23andMe (and You)
by Bailey Sasseville
Have you ever wondered if you have a deadly mutation lurking somewhere within your DNA? Now you might be able to find out. As genetic testing has become cheaper and cheaper, various companies have arisen to take advantage of the technology and satisfy people’s curiosity by providing mail-in genetic testing services. For $199, 23andMe will test your DNA for known variants associated with development of diseases such as breast cancer, Alzheimer’s and Parkinson’s and for carrier status of conditions such as cystic fibrosis and sickle cell anemia, in addition to giving you reports about ancestry, wellness and other topics. When it comes to finding out valuable information about your chances of developing a debilitating disease or your risk for passing it on to your future children, this can seem like a great deal. However, interpreting complex genetic information on your own can be difficult without a background in biology.
These reports are often lacking in detail and raise more questions than they answer. Imagine you have a family history of breast cancer and want to find out your risk of developing it as well. 23andMe offers tests of your BRCA1 and BRCA2 genes, which are known to increase your risk of developing certain cancers, particularly breast and ovarian. You send in your DNA sample and find you have tested negative for the three variants 23andMe tests for. But here’s the problem: there are over 1,000 variants in these two genes known to increase your cancer risk, so you barely have any more information than you started with and you might end up even more worried than you were before.
A positive test result can lead to questions, too. Maybe the report tells you that you have one of the three BRCA variants tested for and gives you an estimate of the likelihood of developing breast cancer with this variant. For example, a recent study found that 72 percent and 69 percent of women with BRCA1 and BRCA2 mutations respectively developed breast cancer by age 80. You are left to deal with the fallout from this information on your own, with just an emotionless computer screen blinking back at you. Without a medical background, it’s hard to put numbers like that into context, especially as they are heavily influenced by many factors like family history, lifestyle and other genes. You will likely be left wondering what these results really mean, what do to next and how these results could affect relatives who may also be at risk.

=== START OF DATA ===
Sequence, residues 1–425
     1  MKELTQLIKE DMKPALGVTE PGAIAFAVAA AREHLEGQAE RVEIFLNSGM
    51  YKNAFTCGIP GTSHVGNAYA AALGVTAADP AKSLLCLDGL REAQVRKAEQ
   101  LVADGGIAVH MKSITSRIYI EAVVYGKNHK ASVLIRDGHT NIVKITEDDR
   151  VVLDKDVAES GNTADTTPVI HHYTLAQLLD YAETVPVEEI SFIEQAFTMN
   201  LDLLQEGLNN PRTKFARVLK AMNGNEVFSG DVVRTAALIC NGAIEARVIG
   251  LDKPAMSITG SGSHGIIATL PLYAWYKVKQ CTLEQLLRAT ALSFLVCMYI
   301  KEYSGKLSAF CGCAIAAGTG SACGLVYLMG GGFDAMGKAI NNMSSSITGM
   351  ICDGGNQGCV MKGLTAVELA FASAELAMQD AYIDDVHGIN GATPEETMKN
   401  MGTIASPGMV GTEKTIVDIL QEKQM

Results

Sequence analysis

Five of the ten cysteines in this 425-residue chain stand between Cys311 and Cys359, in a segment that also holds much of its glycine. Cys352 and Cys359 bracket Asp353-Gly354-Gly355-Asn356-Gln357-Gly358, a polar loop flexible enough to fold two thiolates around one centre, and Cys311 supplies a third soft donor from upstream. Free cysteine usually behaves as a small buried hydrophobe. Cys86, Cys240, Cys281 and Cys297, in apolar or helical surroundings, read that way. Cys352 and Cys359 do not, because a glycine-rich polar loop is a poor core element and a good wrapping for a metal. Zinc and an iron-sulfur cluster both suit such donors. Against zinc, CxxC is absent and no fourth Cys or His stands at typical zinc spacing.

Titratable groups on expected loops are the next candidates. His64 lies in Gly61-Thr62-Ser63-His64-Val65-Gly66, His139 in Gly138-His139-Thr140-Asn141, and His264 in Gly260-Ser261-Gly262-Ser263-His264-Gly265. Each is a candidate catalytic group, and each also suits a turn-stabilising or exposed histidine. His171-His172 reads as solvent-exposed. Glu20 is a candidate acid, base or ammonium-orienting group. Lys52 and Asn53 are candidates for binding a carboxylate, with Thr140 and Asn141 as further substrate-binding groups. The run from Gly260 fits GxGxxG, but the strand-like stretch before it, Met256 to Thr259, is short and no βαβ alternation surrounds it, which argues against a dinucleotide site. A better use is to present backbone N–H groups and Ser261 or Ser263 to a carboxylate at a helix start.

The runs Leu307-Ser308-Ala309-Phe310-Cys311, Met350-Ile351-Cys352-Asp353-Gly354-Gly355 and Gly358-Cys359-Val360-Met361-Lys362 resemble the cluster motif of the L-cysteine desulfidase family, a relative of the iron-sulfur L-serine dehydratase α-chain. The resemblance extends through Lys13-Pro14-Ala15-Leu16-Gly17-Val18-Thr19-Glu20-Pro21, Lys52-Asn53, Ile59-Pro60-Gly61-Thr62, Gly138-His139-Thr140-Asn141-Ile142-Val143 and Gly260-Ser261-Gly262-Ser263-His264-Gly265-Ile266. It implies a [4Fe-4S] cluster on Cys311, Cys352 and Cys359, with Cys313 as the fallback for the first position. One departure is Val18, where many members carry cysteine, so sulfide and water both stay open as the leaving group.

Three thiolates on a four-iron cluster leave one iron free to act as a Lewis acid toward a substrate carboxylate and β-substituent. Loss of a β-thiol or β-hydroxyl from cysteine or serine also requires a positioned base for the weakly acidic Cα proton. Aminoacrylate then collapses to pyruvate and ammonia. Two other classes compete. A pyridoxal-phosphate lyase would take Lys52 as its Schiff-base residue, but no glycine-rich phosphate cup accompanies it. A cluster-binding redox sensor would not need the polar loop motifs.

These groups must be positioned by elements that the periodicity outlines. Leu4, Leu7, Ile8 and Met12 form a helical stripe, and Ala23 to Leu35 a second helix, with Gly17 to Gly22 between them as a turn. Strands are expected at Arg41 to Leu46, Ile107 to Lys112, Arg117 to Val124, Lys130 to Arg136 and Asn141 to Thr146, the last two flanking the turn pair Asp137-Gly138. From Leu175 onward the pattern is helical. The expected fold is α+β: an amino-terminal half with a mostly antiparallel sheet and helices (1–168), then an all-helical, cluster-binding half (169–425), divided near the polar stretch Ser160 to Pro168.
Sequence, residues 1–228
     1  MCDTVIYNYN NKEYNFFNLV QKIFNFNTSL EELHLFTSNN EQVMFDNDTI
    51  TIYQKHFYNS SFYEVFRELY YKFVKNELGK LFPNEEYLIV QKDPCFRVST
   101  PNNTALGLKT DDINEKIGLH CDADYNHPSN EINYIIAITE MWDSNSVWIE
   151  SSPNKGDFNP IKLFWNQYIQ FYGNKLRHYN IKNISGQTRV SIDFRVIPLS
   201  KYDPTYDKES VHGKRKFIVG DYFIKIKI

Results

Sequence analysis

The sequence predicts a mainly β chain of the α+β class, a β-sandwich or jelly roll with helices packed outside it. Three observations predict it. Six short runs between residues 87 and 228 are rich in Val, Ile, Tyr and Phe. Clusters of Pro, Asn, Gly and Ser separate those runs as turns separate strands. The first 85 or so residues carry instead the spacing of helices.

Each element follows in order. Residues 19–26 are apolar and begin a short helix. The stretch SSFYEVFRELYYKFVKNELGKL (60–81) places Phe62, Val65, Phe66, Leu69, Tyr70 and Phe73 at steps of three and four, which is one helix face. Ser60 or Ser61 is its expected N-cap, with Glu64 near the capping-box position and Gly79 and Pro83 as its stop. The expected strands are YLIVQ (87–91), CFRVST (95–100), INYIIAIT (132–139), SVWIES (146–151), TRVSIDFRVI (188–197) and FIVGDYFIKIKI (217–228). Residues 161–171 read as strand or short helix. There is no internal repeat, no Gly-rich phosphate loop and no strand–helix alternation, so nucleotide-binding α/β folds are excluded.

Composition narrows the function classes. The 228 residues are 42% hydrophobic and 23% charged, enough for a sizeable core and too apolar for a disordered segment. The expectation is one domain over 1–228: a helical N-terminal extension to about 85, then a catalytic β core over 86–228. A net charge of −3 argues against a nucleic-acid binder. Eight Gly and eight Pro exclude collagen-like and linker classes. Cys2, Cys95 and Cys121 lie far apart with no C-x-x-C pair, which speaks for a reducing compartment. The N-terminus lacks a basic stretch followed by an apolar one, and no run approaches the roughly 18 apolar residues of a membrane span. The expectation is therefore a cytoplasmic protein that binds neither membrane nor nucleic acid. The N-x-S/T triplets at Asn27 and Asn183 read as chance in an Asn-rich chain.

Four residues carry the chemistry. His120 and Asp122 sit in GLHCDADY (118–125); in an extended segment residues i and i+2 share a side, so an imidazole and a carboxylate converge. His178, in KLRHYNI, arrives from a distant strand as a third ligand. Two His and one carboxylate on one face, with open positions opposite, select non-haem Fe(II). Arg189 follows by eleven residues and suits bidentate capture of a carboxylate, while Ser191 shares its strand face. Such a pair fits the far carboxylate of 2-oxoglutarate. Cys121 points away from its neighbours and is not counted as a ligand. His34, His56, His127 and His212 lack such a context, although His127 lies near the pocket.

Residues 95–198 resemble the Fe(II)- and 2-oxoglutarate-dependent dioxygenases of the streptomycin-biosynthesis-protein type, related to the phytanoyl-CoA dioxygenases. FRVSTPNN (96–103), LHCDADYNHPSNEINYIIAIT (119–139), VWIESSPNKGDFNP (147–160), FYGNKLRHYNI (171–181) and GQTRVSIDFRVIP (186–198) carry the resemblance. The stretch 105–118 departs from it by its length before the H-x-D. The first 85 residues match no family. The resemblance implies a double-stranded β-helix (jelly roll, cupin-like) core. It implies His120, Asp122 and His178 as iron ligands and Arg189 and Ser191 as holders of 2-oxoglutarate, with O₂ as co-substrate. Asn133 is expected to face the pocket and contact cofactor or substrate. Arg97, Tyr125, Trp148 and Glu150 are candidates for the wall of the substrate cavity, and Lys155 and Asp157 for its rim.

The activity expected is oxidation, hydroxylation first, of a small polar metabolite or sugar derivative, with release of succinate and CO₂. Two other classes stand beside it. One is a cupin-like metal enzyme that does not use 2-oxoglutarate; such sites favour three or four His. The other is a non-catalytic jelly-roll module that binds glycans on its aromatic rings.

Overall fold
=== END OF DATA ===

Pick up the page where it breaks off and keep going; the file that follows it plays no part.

At times like these, people often turn to genetic counselors — health care professionals specialized in evaluating a person’s risk for inherited conditions and helping them fully understand the complex genetic information needed to make informed health decisions. Michele Clemens, a genetic counselor at Magee-Womens Hospital in Pittsburgh, said she sees many patients who are seeking clarification and further information after getting genetic testing from sites like 23andMe. They want to know what their risk for developing a disease really is when other factors are taken into account, how the results will affect their future and their children and relatives who may be at increased risk for the same disease, and what their options are for next steps. Often the process begins with confirmatory testing. “It’s important for patients to understand whether there actually truly is a mutation or gene change identified,” Clemens said, “or whether it’s something that is a variant that hasn’t been reported before or a variant that’s not considered to be significant.” Clemens described genetic counseling as an “education process,” as counselors explain and interpret test results and advise patients on how to make informed medical decisions, something 23andMe fails to do. In fact, the website itself recommends speaking to a genetic counselor or other medical professional if you have concerns or a family history of a condition.
Clemens believes that before getting genetic testing through online companies like 23andMe, people should speak to a genetic counselor. Even though information about genetics and genetic testing is constantly growing and becoming more available to the public, Clemens said, “I think we would consider genetic counselors to still be a better resource in terms of explaining to patients the appropriateness of a genetic test related to whatever their concern is.” To become a genetic counselor, a person must receive a bachelor’s degree and complete necessary prerequisite classes including genetics, biochemistry and statistics before applying to an accredited master’s program. These programs are exceptionally competitive, as each class only consists of an average of 8 to 10 students and are rigorous enough to ensure graduates have a thorough background in genetics, human physiology and counseling. Genetic counselors are extensively educated on available testing for different conditions and can help a patient decide what conditions to test for, which genes and variants to test and whether testing is even necessary.